SAIC is supporting NASA’s Artemis program to push human exploration on the moon and then to Mars and beyond, playing multiple roles in helping to achieve flight readiness, safety and mission assurance
NASA will achieve a milestone step to sending astronauts on long-term trips to the moon with the launch of the un-crewed Artemis I mission. Artemis I is the first in a series of increasingly complex and lengthy missions to establish a sustained human presence on the lunar surface, a stepping stone marking the first integrated flight test of NASA’s deep space exploration systems before human spaceflights begin. Like the historic Apollo program did for lunar exploration over 50 years ago, the Artemis program is laying the foundation for humankind to take the next giant leap of sending the first astronauts to Mars.
The Artemis I mission is the culmination of years of work on the Orion human spacecraft, Space Launch System (SLS) rocket and Exploration Ground Systems (EGS), among other technologies, and SAIC has been involved every step of the way. We have been supporting NASA by performing safety and mission assurance and other engineering work on all Artemis program elements, including the independent verification and validation (IV&V) of software that will control Artemis I mission systems. SAIC teams were also involved in preparatory activities for Artemis I’s flight readiness review.
Artemis I will take Orion around the moon and back to Earth on a mission lasting 26 to 42 days, fitted with four mannequins that will collect data to inform human safety for deep space travel. Another goal of the mission is to assure a safe entry, descent, splashdown and recovery of the all-important human crew module. The flight test precedes Artemis II, a second and crewed flight test that will demonstrate SLS and Orion's deep space mission capabilities and prove Orion's life-support systems are ready to sustain astronauts on longer missions ahead.
This will pave the way to land the first woman and the first person of color crew members in the Artemis III mission that will stay on the lunar surface for an extended period to learn how to sustain life in the extreme environment there. Artemis III will help prepare NASA for longer and more extensive voyages to the moon's surface and eventual human missions to Mars.
Software enables Artemis mission capabilities, and we make sure it works
SAIC performs system software assurance for all of NASA’s human spaceflight programs. It is part of the overall work our human spaceflight teams perform to preserve the lives of crew members and astronauts on missions. Our systems software assurance group within this team makes sure that software for SLS, Orion, EGS and other Artemis-element systems meet their specified requirements and are complete and correct.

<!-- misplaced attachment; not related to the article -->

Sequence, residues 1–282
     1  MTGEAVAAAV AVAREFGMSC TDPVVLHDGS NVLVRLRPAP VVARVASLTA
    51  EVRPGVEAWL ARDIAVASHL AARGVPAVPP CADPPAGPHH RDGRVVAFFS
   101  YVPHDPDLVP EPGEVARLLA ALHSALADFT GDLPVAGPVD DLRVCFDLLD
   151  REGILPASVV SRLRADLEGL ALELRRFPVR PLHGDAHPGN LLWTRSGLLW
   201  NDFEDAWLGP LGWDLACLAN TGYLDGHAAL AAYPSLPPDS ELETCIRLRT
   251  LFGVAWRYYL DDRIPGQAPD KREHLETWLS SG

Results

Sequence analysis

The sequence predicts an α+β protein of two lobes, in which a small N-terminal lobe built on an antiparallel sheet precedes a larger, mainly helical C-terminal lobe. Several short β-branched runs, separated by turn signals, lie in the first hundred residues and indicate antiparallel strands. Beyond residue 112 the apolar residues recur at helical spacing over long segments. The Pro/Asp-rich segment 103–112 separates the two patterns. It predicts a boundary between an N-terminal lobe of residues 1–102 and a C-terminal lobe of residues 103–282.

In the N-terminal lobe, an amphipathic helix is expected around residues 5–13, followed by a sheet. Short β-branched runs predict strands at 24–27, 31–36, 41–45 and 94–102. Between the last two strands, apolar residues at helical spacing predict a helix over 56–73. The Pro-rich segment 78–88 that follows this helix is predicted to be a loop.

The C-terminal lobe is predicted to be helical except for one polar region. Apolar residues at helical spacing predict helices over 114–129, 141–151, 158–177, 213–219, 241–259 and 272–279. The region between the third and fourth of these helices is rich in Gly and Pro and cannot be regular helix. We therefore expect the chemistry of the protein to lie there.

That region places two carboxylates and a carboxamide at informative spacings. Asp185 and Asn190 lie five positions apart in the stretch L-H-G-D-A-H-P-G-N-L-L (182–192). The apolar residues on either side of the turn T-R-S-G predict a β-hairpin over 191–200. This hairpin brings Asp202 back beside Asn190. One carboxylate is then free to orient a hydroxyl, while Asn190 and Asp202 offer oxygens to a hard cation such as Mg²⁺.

As part of NASA’s Independent Verification and Validation Program, SAIC puts mission software through the paces to confirm operation, look for errant behaviors, and chronicle what it does under duress. This includes using our modeling and simulation capabilities to develop simulation environments for testing systems software under realistic mission conditions to see if there are negative impacts and cascading effects on spacecraft and flight systems. With our IV&V, we serve as the quality assurance squad for the systems software developers for Artemis I, identifying gaps, risks and defects.
To make sure the SLS, Orion and EGS systems software checks were done efficiently, SAIC innovated an agile approach to software IV&V. By applying the same agile concepts and principles used in software development, the small software IV&V team was able to quickly do assessments on the systems software supplied by the developers under fast-paced iteration cycles. The team focused on a “follow the risk” approach that added assurance to the highest-risk areas to the software and enabled the flexibility to shift quickly to other areas when needed.
Astronaut safety and mission success are our teams' focus and priority
SAIC is a close and longtime partner to NASA’s wide-ranging safety and mission assurance efforts and particularly for its human spaceflight missions.
SAIC and NASA have honed expertise through decades of experience together at Johnson Space Center in Houston, working on safety and mission assurance for low earth orbit missions of the space shuttle program and through ongoing operations of the International Space Station. All of the knowledge we have accumulated is the bedrock of Artemis program and mission development with which we have been engaged since its inception.
As the Artemis program progresses, our astronauts’ extended stays on the moon will undoubtedly kindle our collective dream of one day witnessing not only life on the moon but also on Mars — currently still the stuff of books and movies. However, like anything done in space, these lunar missions are highly risky so detailed analysis is required to ensure Artemis' integrated, complex systems operate as needed, that the human crew is safe, and that the mission is successful. SAIC's work in supporting NASA on the systems for deep space exploration, which also include the Lunar Gateway, Human Landing System, astronauts' spacesuits and others, help to prepare humans to go farther than ever before.
Our engineers will analyze the performance information collected during the Artemis I mission to ensure that all human safety systems and other critical systems will adequately protect crews on future Artemis missions. We will study any observed anomalies for root causes and use the knowledge to update mission and system parameters for future success. Each mission is a test but also an opportunity for NASA and SAIC to learn lessons and make Artemis' systems more reliable and ultimately enhance the safety of human space crews.